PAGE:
What's A Slab Pie, Anyway?

Bigger pie is better pie.

Granny Smith Slab Pie
Photo: Photographer: Greg DuPree, Food Stylist: Emily Neighbors Hall Prop Stylist: Audrey Davis

Pies are one of the most delicious, flavor-packed desserts out there, not to mention a Southern staple. But one of the worst things about pies? There's never enough! It doesn't matter how much mouthwatering filling and flaky crust we load into our pie plate—every single slice is still gone in a flash, leaving too-slow guests sad they missed out.

Enter the slab pie. Put simply, a slab pie is the solution to this entertaining conundrum, the pie version of a sheet cake. It is a pie that has been sized up to fit a rectangular pan (typically a 15- x 10-inch jelly roll pan or a 9- x 13-inch baking pan) instead of a standard 8-inch or 9-inch round pie plate.

That means that when it is cut into squares or rectangles (instead of triangular slices), a slab pie can typically serve twice as many people as a round pie can. Plus, the rectangular pieces make it perfect for enjoying off a dessert plate perched on your knee instead of seated around the table during those too-big-for-the-dining-room get-togethers and holiday parties.

How to Make a Slab Pie

To make a slab pie, you follow all the same steps as you would to make a regular pie: You will need more crust, so if you're putting together your own we recommend using our recipe for Slab Pastry Crust, which makes enough for two single-crust pies, like Peach-Plum Crumble Slab Pie, or one pie with a decorative top, like Stone Fruit Lattice Slab Pie.

You can also used store-bought refrigerated pie crust, but you'll likely need one and a half to two crusts rolled together for a single-crust pie and three for a double-crust pie or one with a decorated top, so buy accordingly.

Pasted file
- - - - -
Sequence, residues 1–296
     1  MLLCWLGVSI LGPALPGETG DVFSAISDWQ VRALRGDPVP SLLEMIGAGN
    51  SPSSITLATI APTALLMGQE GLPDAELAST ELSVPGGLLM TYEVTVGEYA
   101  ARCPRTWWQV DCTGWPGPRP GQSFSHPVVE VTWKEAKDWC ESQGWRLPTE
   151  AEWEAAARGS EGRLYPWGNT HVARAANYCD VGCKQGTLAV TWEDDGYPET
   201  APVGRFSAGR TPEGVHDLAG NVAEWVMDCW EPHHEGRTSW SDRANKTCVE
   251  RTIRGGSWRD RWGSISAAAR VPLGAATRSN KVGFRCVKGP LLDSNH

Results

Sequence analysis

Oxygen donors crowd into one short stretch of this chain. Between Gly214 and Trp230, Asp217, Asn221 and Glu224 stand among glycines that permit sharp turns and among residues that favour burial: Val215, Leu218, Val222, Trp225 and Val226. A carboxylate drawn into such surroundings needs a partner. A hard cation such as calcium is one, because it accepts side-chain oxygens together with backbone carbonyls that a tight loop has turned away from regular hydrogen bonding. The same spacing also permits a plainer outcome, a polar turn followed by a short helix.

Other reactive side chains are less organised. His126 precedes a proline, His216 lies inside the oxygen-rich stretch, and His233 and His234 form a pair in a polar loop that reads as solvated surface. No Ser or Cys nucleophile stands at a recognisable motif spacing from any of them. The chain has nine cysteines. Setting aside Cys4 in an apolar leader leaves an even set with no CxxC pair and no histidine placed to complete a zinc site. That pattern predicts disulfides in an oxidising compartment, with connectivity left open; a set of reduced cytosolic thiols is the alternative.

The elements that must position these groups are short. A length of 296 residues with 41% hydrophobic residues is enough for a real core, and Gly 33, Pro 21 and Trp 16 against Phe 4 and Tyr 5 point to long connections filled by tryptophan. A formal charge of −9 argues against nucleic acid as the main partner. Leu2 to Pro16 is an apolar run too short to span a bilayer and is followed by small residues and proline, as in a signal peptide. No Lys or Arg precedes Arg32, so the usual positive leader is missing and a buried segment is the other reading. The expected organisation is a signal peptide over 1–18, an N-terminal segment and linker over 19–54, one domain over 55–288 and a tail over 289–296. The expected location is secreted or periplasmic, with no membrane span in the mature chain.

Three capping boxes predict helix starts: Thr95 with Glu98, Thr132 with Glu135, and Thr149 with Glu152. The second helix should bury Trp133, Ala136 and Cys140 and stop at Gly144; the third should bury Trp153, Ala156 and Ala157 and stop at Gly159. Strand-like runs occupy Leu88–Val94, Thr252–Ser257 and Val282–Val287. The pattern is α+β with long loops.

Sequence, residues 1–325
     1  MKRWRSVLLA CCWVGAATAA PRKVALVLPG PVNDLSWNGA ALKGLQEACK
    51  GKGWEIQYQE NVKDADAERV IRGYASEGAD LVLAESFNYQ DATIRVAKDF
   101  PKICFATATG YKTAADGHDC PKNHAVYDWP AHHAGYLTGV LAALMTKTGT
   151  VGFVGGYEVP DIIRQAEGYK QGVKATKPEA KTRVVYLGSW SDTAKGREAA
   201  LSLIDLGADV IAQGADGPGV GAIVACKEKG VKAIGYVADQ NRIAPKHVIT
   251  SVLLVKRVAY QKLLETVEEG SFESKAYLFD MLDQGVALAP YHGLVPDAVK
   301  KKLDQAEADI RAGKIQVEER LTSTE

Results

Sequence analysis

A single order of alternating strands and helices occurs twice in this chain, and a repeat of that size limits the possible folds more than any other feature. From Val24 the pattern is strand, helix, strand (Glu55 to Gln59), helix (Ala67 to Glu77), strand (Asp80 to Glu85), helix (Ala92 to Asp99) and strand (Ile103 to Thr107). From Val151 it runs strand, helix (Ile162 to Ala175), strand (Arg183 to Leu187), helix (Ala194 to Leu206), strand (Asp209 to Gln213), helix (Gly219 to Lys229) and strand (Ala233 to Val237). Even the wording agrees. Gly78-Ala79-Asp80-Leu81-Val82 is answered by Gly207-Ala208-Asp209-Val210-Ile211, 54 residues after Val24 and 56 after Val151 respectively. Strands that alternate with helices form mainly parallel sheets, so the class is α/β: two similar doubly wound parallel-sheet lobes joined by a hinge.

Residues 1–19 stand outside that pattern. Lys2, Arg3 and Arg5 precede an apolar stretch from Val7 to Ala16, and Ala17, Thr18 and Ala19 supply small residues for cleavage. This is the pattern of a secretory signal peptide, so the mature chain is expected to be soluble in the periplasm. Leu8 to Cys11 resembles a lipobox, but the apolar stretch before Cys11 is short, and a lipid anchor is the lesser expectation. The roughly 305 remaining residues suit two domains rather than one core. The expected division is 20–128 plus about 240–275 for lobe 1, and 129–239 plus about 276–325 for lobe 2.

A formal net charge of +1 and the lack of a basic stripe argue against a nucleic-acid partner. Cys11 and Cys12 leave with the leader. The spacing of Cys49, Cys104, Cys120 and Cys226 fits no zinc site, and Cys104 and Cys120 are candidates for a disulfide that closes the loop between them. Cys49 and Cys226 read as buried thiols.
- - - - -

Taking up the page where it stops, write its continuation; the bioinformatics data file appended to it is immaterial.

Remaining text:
How much filling do I need for a slab pie?

How much filling a slab pie needs in comparison to a regular pie is going to vary depending on the type of pie and the recipe. In general, you won't be piling the fruit filling as high in a slab pie, since it's meant to be sliced into easily shareable pieces. That's why, for example, our Granny Smith Slab Pie calls for roughly seven large apples in the filling while our Old-Fashioned Apple Pie packs in nine to ten.

If you're making a custard pie on the other hand, in which you want the volume of filling to just reach the top of the pie crust, you may need to make a little more of the mixture than you would for a regular pie.

Also smart: Instead of pouring the liquid custard into the long, wide pan and then trying to transfer it to the oven without spilling, place the empty crust on the oven rack and use a liquid measuring cup to pour in the filling—then let it bake away.

The final thing you need to remember when serving up a slab pie: With more servings to go around, you better have enough vanilla ice cream or whipped cream to top every single slice!

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